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A Three-Day Wonder
Susan Davis
November 14, 1994
For two decades Bruce Davidson has been the king of three-day eventing
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November 14, 1994

A Three-day Wonder

For two decades Bruce Davidson has been the king of three-day eventing

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Bruce Davidson's feet are never on the ground for more than five minutes. He mounts one horse, warms up, performs in the ring, dismounts, mounts another horse, warms up, performs, dismounts, mounts another horse—it goes on all day long. His face is impassive, his voice is soft, and his concentration is trained solely on the animal he is riding. By the end of the day, however, he shows signs of being tired. "Mr. Davidson, your number this time?" the jumping judge inquires as Davidson rides into the arena yet again. "Madam, I don't know," he says, and the crowd cracks up.

Davidson is participating in the Middletown Pony Club Horse Trial, a small two-day show held in Middletown, Del., at the end of September. During the show riders test their horses' abilities in three phases: dressage, which measures suppleness and obedience; stadium jumping, which calls for strength; and cross-country jumping, which tests gymnastic ability and endurance. During this first day of the event Davidson, a tall, angular man with pale-blue eyes, a shock of white hair and a perfect farmer's tan, has ridden six horses in the dressage and stadium jumping events.

Horse trials are training grounds for the more rigorous three-day equestrian events, which include "roads and tracks" (several miles of trotting or cantering) and the endurance phases of a steeplechase. Davidson, who only a week earlier won first place at England's Blenheim International Three-Day Event, is in Middletown to help his younger horses practice. "We're not here to compete," he says. "We're here to learn."

Davidson, 44, has reigned over three-day eventing for 20 years. Raised in rural upstate New York, he was a Pony Club member as a child. He learned about eventing at the McDonogh School, a private high school outside of Baltimore, and began his competitive career in 1970 when he joined the U.S. equestrian team (USET). At the 1972 Olympics in Munich he contributed to a team silver medal. He went on to a series of major international victories, including individual and team gold medals at the 1974 world championships, the team gold at the '76 Olympics, individual gold and team bronze medals at the '78 world championships, the team gold medal at the '84 Olympics, an individual bronze medal at the '90 world championships and first prize at the '93 USET Three-Day Championships—not to mention hundreds of trial wins in this country and abroad.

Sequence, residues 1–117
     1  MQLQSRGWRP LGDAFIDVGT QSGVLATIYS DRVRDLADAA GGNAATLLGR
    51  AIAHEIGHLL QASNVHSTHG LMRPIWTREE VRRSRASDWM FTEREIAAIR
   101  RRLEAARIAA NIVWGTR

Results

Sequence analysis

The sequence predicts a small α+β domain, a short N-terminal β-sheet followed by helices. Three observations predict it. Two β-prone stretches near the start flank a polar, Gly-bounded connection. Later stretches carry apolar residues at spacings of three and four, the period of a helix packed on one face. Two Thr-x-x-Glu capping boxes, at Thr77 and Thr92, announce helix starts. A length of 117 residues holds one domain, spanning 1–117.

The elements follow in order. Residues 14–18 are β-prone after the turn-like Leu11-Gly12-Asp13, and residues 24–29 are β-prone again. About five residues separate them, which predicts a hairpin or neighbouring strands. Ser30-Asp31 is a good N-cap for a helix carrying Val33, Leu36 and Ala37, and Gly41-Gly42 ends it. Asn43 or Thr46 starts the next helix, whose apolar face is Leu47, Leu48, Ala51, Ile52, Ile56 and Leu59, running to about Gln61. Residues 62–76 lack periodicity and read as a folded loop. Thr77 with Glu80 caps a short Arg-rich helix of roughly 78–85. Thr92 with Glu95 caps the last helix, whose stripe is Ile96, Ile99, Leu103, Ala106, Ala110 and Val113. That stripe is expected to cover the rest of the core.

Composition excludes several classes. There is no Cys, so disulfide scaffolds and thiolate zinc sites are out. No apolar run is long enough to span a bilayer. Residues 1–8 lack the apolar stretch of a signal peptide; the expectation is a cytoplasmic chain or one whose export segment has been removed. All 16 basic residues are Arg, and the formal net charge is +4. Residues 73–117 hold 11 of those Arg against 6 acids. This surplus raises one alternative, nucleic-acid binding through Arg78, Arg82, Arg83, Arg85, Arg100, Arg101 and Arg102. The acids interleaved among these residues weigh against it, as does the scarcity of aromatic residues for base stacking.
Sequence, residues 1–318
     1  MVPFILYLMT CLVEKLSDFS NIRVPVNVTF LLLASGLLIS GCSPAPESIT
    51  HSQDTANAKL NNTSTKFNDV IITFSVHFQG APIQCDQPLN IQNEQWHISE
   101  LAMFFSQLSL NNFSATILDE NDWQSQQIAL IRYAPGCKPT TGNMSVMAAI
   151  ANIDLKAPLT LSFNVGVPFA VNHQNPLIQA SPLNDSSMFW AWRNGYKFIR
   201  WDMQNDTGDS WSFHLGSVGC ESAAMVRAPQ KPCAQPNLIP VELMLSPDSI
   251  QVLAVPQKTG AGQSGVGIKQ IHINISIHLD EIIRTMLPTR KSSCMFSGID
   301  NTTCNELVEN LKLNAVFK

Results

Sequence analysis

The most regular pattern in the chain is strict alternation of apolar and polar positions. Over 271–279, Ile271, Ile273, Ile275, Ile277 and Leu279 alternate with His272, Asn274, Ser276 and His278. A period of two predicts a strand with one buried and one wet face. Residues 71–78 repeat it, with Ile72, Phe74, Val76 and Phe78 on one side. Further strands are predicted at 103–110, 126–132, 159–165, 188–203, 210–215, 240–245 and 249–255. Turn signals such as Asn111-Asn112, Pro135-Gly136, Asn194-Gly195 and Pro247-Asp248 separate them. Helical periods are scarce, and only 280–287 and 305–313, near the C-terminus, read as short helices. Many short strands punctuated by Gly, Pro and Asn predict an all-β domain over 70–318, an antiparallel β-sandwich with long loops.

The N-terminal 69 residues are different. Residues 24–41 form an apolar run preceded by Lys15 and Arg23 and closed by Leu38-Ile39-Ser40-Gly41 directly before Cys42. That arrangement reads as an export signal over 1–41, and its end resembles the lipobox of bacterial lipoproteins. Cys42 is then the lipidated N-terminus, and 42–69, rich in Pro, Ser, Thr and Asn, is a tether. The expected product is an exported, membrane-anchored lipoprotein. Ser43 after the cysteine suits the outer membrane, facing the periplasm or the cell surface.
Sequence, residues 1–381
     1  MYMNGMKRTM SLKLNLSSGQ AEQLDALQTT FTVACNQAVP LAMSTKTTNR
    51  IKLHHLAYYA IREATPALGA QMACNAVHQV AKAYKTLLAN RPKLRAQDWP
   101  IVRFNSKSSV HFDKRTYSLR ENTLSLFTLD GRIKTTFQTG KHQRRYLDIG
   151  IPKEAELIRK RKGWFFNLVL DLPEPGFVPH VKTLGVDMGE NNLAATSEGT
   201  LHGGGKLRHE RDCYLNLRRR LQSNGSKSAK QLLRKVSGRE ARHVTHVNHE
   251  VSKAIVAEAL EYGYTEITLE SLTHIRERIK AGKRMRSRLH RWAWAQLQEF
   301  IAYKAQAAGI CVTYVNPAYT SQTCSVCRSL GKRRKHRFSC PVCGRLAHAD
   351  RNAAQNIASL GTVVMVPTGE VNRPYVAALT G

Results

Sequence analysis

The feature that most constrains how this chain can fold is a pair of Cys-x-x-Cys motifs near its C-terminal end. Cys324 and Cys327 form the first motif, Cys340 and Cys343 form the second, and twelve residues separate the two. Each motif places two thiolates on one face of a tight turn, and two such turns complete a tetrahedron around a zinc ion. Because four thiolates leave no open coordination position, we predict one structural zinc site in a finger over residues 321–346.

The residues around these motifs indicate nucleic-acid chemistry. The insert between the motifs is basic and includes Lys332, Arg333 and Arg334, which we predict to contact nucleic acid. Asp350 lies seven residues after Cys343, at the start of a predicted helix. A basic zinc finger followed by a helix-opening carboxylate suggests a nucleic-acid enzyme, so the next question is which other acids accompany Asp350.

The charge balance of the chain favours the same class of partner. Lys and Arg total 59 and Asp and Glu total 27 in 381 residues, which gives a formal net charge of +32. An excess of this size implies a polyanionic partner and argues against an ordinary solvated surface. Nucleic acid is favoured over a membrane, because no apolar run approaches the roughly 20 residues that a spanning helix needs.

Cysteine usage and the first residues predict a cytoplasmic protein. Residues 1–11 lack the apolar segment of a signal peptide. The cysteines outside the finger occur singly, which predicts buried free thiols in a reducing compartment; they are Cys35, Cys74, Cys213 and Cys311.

Davidson spends much of his time on the road at competitions: This year he spent six months competing in Europe. His home base, however, is Chesterland, a 250-acre farm in Unionville, Pa. There he and his wife, Carol—a former top rider who now serves as a horse trainer and, she says, "cheerleader" for her family—live with their two children, Buck, 18, and Nancy, 16, as well as 70 horses and numerous chickens, ducks, geese, parrots, golden pheasants and lurchers. These last are dogs (half whippet or greyhound, half anything else) that spend their days racing around the farm.

The keys to Davidson's success are both obvious and intangible. There are, of course, his horses, which are bred from champion thoroughbreds to have the strength, endurance and grace required of mounts in international events. Davidson is "an extraordinary judge of a horse's capabilities," says James Wofford, a silver medalist who rode with the USET during the 1960s and '70s.

Then there is the land. Chesterland used to host three-star international events (four-star events are the most difficult), so Davidson has his own demanding cross-country course on which to condition his horses. And on the property surrounding Chesterland, Carol Davidson's mother, Nancy Hannum, runs one of the oldest and largest fox hunts in Pennsylvania, providing more excellent training ground for her son-in-law's horses.

Finally there is Bruce Davidson's ability to figure out what a horse is telling him. He calls it listening to the animal. "He's very intuitive," says Tom Lurito, a horse veterinarian and one of many students who have trained privately with Davidson over the years. "He gets rid of the frivolity between horse and rider and focuses on the horse. People bring him these orangutan horses and say, 'I can't make him round, I can't get him over this jump,' and he gets on and does it."

To humans Davidson is something of an enigma. With strangers he can be aloof. With family, friends and other riders he can be kind, inquisitive, even whimsical. At Chesterland he sees three lurchers racing by and asks, "Wouldn't it be cool to ride one?" He can be an exacting taskmaster. Former students speak of being told to do things over and over. And almost everyone has a story about Davidson's scathing sarcasm or about the tantrums he has thrown—before grooms, judges, other competitors, his wife, his students, even his horses. "He can be a holy terror," says one woman at the Middletown show.

Those who know Davidson well say they become used to his intensity. "People are surprised that I know how to work with horses as well as I do," says Carolyn Weinberg, once a student of Davidson's and now a veterinarian in Connecticut. "But I know how to wrap legs because Bruce made me do it six times in a row, until I got it exactly right. There's nothing wrong with the meticulousness he demands. You won't learn it elsewhere."

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